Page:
Frank Ocean, The Weeknd, Steven A. Clark and a lengthy list of others represent a progressive movement in both Black music (if such a thing truly exists) and in pop/R&B as these artists and their contemporaries have been wildly experimenting and redefining how R&B, hip-hop and pop look, sound and concern itself with thematically. And if you pay attention, there’s a sense that this movement has started to accurately reflect not just the diversity of thought, feeling and opinion within the Black community, but a commitment to capturing particularly modern sentiments, isolation, ennui, frustration, the difficulties of truly connecting with others in an age of increasing self-obsession and more. Interestingly though, what seems to have been forgotten is our own interest in the ideal Romantic hero – the brooding, tortured, enigmatic soul, who feels and thinks deeply, whose art is a reflection of their innate sensitivity towards outward and inner beauty and to their demons. On a personal level, my hope is that these artists can pave the way towards towards the dismantling of ugly, racial stereotypes. But in the meantime, it has lead to a greater sense of freedom with artists expressing themselves, their concerns, their innermost desires with an unflinching, fearless candor.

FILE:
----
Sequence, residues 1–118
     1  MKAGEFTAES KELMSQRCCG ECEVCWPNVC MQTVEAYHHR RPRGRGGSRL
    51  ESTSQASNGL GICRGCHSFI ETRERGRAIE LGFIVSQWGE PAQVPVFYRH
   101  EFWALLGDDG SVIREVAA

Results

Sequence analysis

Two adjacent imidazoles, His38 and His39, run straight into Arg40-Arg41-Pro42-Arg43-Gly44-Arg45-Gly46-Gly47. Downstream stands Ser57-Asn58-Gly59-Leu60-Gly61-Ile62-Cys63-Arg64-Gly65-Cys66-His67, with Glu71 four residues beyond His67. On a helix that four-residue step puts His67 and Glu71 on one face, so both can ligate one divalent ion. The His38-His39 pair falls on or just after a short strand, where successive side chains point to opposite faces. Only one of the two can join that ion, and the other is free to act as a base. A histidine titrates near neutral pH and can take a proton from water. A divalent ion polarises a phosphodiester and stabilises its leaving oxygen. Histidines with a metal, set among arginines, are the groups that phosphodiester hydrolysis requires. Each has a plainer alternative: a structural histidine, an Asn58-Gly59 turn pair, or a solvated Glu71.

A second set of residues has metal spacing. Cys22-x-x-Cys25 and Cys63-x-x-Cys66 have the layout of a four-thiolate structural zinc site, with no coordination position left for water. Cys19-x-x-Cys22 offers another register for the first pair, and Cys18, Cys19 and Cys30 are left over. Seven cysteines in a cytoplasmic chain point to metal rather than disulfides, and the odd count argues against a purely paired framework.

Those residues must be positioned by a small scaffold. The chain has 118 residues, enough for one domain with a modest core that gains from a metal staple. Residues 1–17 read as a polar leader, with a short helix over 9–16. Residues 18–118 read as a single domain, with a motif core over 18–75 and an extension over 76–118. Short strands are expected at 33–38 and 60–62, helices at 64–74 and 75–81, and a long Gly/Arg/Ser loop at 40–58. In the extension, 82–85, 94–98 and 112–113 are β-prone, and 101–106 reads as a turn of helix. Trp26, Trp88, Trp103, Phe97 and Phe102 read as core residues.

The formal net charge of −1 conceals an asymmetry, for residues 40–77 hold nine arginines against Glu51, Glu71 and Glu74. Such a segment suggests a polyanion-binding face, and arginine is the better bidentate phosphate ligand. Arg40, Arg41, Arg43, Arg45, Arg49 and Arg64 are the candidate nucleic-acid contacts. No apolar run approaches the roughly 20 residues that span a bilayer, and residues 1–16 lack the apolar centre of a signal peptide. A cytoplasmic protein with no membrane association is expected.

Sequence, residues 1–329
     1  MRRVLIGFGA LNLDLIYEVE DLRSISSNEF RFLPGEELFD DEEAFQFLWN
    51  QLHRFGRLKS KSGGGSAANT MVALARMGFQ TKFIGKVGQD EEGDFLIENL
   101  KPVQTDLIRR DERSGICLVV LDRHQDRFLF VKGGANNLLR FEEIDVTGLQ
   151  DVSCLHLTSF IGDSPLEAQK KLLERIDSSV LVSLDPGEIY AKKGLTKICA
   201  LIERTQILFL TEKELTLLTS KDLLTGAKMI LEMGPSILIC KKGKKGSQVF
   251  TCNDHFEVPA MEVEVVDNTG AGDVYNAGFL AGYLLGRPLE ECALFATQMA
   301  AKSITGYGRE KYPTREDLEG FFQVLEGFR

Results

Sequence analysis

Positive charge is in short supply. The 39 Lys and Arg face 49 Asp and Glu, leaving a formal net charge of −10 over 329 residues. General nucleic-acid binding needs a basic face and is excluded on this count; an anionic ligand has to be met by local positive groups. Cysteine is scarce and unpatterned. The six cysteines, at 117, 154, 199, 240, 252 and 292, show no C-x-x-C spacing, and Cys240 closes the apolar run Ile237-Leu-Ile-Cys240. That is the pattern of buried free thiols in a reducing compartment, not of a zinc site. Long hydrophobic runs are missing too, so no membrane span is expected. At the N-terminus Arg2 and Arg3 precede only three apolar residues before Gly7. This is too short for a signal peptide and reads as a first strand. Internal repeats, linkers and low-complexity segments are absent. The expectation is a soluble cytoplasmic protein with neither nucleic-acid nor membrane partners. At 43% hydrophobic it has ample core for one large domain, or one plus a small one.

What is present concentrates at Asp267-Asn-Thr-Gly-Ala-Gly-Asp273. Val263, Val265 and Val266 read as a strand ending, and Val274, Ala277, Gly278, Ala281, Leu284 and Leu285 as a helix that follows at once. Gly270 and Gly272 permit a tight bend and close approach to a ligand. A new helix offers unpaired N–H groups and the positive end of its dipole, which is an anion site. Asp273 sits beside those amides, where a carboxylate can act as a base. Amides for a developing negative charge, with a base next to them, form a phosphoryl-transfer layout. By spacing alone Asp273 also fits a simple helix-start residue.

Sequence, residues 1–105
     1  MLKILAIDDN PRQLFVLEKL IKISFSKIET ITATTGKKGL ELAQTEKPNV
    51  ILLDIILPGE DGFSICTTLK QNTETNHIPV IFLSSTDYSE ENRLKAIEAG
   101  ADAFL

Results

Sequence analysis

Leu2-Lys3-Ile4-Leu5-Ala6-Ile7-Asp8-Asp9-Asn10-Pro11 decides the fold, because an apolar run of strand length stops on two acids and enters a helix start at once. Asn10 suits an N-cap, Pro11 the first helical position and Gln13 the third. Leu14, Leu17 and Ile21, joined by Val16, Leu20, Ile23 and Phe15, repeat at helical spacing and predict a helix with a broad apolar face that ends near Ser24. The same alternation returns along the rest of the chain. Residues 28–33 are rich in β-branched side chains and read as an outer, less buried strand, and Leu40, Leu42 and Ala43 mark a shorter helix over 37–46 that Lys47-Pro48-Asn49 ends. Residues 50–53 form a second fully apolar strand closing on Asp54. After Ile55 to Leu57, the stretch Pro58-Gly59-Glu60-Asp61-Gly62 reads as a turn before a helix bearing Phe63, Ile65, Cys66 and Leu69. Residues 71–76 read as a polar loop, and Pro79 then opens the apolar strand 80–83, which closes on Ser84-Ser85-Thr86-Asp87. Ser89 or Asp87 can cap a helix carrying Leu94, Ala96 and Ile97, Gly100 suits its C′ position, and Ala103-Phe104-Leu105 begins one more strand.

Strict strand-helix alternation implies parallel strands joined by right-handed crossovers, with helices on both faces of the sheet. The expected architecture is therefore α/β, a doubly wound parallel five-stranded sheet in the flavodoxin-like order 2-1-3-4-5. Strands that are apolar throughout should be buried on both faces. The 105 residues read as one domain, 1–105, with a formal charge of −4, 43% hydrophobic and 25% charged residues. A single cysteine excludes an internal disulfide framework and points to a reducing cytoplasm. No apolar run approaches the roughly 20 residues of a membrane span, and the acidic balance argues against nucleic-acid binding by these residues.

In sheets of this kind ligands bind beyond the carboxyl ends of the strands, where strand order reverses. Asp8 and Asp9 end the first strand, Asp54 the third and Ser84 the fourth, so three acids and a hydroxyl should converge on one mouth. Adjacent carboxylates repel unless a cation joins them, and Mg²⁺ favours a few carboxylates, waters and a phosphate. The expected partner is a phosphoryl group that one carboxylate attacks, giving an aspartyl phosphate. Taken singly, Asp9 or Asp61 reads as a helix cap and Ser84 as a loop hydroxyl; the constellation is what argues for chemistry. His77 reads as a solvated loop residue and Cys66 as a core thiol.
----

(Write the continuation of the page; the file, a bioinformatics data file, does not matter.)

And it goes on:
With the release of his self-released debut effort, the Los Angeles-based (by way of NYC) electro pop artist Gallant received critical praise internationally from the likes of Pitchfork, The FADER and NME. However, instead of embarking on a lengthy national tour, like many of his contemporaries, the up-and-coming artist spent the better part of last year holed up writing the material which will appear on his forthcoming follow-up EP – and he then signed with Mind of a Genius, the record label home of the Grammy-nominated artist ZHU. Of course, his debut effort has put the Los Angeles-based artist on a growing list of pop and R&B artists who have captured the blogosphere with sparse, chilly atmospheric production paired with seductively crooned vocals that delve deep into the psyche of its narrators. In the case of “Talking In Your Sleep,” Gallant’s latest single, the song consists of layers of undulating synth stabs, skittering percussion, bursts of twinkling percussion, ominously swirling electronics and an incredibly catchy hook while evoking the vacillating thoughts of someone who’s both jealous and paranoid – every little thought, musing, utterance means everything and nothing simultaneously. But it also displays Gallant’s silky smooth vocals and range as he goes to a arching falsetto to a croon within a turn of a phrase.